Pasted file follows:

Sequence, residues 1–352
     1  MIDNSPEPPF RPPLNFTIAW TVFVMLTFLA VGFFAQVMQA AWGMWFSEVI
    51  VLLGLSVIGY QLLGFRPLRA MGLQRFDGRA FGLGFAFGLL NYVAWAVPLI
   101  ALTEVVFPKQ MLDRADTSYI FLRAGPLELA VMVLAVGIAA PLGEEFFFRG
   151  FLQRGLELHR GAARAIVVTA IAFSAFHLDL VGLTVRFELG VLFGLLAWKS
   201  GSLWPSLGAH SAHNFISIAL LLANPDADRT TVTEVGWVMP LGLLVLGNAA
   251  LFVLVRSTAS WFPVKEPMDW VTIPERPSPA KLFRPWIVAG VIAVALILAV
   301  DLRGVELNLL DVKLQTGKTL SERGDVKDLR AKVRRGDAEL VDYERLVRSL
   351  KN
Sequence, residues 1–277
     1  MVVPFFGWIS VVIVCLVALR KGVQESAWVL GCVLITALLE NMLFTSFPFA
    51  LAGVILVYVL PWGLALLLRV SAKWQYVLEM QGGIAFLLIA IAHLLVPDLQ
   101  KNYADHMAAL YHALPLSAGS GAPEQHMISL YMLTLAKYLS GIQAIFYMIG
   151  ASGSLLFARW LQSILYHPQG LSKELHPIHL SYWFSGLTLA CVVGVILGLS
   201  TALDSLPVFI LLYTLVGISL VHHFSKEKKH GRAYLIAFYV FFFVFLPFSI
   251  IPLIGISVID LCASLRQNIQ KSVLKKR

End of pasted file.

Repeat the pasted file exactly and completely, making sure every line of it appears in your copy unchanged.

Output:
Sequence, residues 1–352
     1  MIDNSPEPPF RPPLNFTIAW TVFVMLTFLA VGFFAQVMQA AWGMWFSEVI
    51  VLLGLSVIGY QLLGFRPLRA MGLQRFDGRA FGLGFAFGLL NYVAWAVPLI
   101  ALTEVVFPKQ MLDRADTSYI FLRAGPLELA VMVLAVGIAA PLGEEFFFRG
   151  FLQRGLELHR GAARAIVVTA IAFSAFHLDL VGLTVRFELG VLFGLLAWKS
   201  GSLWPSLGAH SAHNFISIAL LLANPDADRT TVTEVGWVMP LGLLVLGNAA
   251  LFVLVRSTAS WFPVKEPMDW VTIPERPSPA KLFRPWIVAG VIAVALILAV
   301  DLRGVELNLL DVKLQTGKTL SERGDVKDLR AKVRRGDAEL VDYERLVRSL
   351  KN
Sequence, residues 1–277
     1  MVVPFFGWIS VVIVCLVALR KGVQESAWVL GCVLITALLE NMLFTSFPFA
    51  LAGVILVYVL PWGLALLLRV SAKWQYVLEM QGGIAFLLIA IAHLLVPDLQ
   101  KNYADHMAAL YHALPLSAGS GAPEQHMISL YMLTLAKYLS GIQAIFYMIG
   151  ASGSLLFARW LQSILYHPQG LSKELHPIHL SYWFSGLTLA CVVGVILGLS
   201  TALDSLPVFI LLYTLVGISL VHHFSKEKKH GRAYLIAFYV FFFVFLPFSI
   251  IPLIGISVID LCASLRQNIQ KSVLKKR